I like to save FX for mix, unless I know I’ll want to use the same FX unit in mix on other things. I’ll print the FX on its own channels of tape or in the DAW for that.

When thinking about reverbs being used on the aux’s I tend to think of instruments that would likely be grouped together in the same room, for instance. Maybe drums, guitars and a little bit of bass get sent to a reverb set for a room sound and vocals go to a plate. Since the instruments are going to the same room type reverb they might have a bit more cohesion. Maybe not though. Vocal may have its own space using a plate instead of a room sounds. Then again, maybe not. Just experiment.

Committing to a sound on the way in can be great if you like the sound, or a disappointment if you overdo compression or eq and only really catch it later. But I really don’t think it’s a bad thing to chase a sound and commit to it on the way in.

It’s good to commit to a “template” of sorts when using a console, if using tape or the DAW puts into your board, where the drum channels always come up in the same places, bass, guitars and keys, etc on the same channels, so you’re not continually swapping settings between channels, but making small adjustments where you want to.
Thanks for the answers. Can you tell me how many reverbs did you used on the last mix and how? Inserts or aux sends?

Which Genre do you mix?
Old 5 days ago
  #4
Gear Head
 

Quote:
Originally Posted by BHW View Post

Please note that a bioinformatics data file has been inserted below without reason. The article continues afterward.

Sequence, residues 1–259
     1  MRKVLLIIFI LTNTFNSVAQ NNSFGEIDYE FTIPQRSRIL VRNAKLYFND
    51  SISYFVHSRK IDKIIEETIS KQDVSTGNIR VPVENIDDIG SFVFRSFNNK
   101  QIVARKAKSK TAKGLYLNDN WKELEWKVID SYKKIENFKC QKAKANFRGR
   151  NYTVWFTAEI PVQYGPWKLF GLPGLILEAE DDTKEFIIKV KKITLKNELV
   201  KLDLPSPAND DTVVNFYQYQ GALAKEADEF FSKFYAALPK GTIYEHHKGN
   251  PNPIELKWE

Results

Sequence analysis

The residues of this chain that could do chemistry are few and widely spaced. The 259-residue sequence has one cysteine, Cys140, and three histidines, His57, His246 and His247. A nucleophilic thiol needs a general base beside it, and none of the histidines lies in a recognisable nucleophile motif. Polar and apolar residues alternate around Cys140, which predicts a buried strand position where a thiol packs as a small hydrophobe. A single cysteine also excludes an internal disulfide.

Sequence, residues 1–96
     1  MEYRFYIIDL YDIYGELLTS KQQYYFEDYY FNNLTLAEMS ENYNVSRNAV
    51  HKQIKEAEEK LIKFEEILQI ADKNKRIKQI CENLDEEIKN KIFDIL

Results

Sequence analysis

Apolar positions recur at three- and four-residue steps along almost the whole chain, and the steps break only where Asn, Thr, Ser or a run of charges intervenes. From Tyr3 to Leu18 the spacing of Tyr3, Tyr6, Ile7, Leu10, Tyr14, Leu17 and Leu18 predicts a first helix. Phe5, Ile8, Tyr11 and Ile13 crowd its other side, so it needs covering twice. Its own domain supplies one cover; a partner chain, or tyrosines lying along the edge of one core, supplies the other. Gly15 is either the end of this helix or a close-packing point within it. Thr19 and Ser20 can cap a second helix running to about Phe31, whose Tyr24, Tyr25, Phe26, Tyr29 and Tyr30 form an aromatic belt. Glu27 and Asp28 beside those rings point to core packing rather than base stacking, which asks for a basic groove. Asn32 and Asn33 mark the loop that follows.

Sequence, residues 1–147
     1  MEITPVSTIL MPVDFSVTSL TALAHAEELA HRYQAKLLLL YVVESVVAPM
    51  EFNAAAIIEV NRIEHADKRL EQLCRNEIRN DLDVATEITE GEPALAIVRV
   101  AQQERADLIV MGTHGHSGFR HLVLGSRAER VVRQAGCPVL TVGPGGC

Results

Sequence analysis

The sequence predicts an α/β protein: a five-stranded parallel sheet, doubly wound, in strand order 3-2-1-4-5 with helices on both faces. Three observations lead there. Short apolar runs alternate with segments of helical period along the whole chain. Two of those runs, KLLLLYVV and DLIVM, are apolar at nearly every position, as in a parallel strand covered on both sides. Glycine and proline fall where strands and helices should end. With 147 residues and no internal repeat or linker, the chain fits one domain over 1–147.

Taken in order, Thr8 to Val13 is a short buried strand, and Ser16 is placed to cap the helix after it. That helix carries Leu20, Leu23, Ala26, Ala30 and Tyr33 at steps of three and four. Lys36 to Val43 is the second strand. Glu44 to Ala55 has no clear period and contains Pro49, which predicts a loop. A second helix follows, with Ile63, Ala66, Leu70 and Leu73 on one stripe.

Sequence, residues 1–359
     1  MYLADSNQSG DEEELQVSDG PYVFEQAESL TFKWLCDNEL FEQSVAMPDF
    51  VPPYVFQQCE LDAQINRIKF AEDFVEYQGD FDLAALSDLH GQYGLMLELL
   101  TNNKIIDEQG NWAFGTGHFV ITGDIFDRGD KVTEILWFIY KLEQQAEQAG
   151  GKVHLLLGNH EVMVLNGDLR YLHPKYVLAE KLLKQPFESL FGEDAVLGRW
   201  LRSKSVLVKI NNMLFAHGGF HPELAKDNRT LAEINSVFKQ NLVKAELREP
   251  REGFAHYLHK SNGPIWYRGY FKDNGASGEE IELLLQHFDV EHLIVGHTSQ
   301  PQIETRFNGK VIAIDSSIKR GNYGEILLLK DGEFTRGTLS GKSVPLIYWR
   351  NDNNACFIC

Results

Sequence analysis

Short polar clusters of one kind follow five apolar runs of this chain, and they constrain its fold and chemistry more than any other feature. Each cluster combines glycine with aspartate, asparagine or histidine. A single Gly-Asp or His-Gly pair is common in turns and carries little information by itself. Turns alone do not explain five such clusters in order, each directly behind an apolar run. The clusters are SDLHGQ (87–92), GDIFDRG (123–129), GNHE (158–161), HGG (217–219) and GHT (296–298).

Thanks for the answers. Can you tell me how many reverbs did you used on the last mix and how? Inserts or aux sends?

Which Genre do you mix?
I work on indie rock mostly, some folky stuff sometimes, but it’s mostly a range of indie rock from dream pop to rock n roll.

When I used a console for my work, the last console I had - had two aux sends. I’d send the first to a room reverb patch on an outboard reverb unit, like SPX90 or something and send some of the drums to it, snare, toms, a little of the actual room mics. Bring it back on two channels of the console where I could eq the return and put a compressor on its inserts if I wanted. I’d also send some of the bass and guitars to that after I got their levels in a decent place with the drums going. I would typically chase a sound emulating the band playing together in a room, even if they did during tracking. If coming from tape I would have compressed going to tape, or let the tape do it, and rarely inserted compressors on drums unless for effect. If coming from the DAW I’d usually compress kick, leave snare alone, compress rooms a little - via inserts on the console.

For the lead vocal, and backups, I’d send to another reverb unit via the six send, either some sort of Lexicon or another SPX90 with a plate reverb patch on that. Depending on the tempo of the song, or the style I’d change the decay time. Faster songs got a shorter decay. I’d bring that stereo return from the vocal reverb onto two channels of the console and eq that, usually making sure the low end was in check and maybe getting rid of some nasal mids if there were any.